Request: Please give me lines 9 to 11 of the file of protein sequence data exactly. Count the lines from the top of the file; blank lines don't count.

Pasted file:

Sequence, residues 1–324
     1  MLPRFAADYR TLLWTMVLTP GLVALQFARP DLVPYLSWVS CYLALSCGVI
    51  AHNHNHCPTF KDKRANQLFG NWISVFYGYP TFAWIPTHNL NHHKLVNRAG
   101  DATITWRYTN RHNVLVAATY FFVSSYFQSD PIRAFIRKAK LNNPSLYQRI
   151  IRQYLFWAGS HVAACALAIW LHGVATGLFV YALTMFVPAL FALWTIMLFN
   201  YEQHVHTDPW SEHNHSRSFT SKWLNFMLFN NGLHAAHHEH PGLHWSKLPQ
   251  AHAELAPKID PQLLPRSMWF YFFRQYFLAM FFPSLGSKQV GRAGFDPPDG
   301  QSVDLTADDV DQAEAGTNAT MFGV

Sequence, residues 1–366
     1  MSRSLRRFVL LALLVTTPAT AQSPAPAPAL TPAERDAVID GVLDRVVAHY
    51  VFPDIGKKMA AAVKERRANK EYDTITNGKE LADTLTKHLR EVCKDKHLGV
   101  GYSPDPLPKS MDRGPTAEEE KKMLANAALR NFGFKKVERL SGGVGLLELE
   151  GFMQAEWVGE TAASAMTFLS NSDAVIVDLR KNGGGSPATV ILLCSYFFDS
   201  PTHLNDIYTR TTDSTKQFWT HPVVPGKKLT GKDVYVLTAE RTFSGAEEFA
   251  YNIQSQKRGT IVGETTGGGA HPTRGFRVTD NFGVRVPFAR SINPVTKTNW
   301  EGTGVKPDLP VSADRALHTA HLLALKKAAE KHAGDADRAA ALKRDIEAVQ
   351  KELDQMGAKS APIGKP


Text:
Sequence, residues 1–366
     1  MSRSLRRFVL LALLVTTPAT AQSPAPAPAL TPAERDAVID GVLDRVVAHY
    51  VFPDIGKKMA AAVKERRANK EYDTITNGKE LADTLTKHLR EVCKDKHLGV